Review

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Open AccessReview Marine Carotenoids and Cardiovascular Risk Markers
Mar. Drugs 2011, 9(7), 1166-1175; doi:10.3390/md9071166
Received: 17 February 2011 / Revised: 26 May 2011 / Accepted: 15 June 2011 / Published: 27 June 2011
Cited by 31 | PDF Full-text (158 KB) | HTML Full-text | XML Full-text
Abstract
Marine carotenoids are important bioactive compounds with physiological activities related to prevention of degenerative diseases.found principally in plants, with potential antioxidant biological properties deriving from their chemical structure and interaction with biological membranes. They are substances with very special and remarkable properties that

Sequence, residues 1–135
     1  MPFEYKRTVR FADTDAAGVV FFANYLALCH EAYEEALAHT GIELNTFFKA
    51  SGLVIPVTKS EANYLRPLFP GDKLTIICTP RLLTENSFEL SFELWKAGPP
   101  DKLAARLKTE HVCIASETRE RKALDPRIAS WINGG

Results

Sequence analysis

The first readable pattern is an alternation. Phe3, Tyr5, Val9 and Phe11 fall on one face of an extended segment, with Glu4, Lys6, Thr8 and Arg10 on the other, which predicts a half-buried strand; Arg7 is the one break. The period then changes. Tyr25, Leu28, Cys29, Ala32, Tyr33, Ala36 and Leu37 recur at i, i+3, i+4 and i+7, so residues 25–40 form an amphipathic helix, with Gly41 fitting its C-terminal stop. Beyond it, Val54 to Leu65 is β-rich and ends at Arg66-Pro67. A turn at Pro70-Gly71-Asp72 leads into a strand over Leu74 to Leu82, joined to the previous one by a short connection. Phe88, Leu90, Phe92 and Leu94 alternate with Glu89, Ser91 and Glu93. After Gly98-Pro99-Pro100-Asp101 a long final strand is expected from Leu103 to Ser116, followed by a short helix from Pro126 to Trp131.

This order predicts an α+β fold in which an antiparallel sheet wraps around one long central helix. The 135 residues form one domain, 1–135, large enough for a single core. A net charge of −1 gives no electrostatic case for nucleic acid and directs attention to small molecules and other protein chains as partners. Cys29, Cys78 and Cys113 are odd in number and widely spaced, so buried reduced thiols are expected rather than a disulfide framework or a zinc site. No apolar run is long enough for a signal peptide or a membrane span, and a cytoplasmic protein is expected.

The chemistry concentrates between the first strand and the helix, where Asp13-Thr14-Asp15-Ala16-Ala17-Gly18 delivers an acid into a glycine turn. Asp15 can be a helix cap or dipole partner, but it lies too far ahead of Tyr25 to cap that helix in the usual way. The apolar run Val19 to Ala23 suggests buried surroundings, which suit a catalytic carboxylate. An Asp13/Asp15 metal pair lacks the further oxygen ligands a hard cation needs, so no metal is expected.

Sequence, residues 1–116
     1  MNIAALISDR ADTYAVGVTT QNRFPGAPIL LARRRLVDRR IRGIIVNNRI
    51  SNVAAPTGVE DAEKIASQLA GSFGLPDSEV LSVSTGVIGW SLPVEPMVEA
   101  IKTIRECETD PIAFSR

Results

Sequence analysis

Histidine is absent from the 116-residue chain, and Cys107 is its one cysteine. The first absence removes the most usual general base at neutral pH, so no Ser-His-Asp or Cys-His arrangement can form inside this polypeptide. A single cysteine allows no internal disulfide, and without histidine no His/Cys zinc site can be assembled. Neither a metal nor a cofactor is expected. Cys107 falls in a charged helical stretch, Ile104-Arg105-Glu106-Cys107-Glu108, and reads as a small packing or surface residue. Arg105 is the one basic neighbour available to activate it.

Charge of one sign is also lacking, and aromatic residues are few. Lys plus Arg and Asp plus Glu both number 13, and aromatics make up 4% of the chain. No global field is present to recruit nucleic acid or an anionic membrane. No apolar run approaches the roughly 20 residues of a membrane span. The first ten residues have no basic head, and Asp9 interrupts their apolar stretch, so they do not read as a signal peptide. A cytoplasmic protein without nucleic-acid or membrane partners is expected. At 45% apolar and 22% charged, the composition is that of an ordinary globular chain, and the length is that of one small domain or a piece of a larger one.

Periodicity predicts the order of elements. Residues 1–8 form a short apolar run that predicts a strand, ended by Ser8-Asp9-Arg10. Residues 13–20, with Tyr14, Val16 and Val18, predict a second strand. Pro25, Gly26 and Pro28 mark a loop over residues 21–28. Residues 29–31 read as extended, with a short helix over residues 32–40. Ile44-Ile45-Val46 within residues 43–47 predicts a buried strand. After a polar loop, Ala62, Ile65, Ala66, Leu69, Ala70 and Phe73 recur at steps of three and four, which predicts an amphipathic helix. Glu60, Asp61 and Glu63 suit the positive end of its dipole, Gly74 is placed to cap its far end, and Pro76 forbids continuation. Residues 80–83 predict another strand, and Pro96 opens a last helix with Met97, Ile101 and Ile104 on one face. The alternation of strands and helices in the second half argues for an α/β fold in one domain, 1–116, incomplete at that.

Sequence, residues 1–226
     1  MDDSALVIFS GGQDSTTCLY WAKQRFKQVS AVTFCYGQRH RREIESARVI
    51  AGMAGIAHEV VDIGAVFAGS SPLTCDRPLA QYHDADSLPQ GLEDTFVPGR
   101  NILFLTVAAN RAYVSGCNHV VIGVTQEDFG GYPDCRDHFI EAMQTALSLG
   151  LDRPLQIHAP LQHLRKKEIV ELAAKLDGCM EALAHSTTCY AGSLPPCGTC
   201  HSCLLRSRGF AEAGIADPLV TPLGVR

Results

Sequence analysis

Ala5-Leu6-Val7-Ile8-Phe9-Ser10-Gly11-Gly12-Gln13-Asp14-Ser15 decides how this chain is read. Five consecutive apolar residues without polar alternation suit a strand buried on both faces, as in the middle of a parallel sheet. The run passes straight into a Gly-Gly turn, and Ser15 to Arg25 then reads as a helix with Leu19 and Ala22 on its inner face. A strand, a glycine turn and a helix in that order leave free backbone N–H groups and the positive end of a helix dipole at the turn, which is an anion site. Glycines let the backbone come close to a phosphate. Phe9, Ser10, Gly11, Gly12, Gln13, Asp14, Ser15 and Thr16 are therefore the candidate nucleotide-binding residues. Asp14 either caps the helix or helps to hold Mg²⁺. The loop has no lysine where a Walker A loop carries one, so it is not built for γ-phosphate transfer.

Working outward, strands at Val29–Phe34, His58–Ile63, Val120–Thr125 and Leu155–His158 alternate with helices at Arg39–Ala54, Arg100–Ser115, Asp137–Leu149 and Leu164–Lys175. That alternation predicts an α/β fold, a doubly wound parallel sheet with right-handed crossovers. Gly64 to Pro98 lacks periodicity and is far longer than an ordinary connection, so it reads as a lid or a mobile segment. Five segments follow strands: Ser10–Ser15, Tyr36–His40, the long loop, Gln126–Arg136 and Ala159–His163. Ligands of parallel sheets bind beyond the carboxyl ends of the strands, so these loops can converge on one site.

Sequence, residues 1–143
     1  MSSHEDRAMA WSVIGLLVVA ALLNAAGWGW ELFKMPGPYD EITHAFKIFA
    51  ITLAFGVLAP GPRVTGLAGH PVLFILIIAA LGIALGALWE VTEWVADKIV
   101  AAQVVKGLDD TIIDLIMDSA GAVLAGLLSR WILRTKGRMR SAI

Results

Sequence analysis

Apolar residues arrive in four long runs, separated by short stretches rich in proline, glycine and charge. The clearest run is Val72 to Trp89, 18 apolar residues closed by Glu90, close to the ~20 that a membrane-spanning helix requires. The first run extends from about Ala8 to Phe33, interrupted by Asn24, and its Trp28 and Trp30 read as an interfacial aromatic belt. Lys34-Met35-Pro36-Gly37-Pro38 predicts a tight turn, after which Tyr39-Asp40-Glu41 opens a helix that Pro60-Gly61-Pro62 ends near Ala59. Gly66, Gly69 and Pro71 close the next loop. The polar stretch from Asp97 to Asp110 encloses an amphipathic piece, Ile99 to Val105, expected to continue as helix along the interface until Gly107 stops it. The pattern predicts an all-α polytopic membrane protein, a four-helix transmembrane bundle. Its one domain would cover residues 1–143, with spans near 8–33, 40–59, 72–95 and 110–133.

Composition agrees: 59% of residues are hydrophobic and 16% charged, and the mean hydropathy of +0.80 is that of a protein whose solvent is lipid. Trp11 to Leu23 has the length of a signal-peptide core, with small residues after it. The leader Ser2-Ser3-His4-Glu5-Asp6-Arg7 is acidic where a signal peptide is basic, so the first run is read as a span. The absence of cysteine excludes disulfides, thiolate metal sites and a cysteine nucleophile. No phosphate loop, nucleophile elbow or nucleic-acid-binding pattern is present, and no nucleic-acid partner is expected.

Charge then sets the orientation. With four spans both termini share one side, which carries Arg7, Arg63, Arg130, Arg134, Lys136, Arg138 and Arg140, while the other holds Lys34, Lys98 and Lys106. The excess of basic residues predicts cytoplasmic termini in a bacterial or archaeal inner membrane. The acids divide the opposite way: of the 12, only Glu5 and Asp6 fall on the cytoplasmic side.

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Marine carotenoids are important bioactive compounds with physiological activities related to prevention of degenerative diseases.found principally in plants, with potential antioxidant biological properties deriving from their chemical structure and interaction with biological membranes. They are substances with very special and remarkable properties that no other groups of substances possess and that form the basis of their many, varied functions and actions in all kinds of living organisms. The potential beneficial effects of marine carotenoids have been studied particularly in astaxanthin and fucoxanthin as they are the major marine carotenoids. Both these two carotenoids show strong antioxidant activity attributed to quenching singlet oxygen and scavenging free radicals. The potential role of these carotenoids as dietary anti-oxidants has been suggested to be one of the main mechanisms for their preventive effects against cancer and inflammatory diseases. The aim of this short review is to examine the published studies concerning the use of the two marine carotenoids, astaxanthin and fucoxanthin, in the prevention of cardiovascular diseases. Full article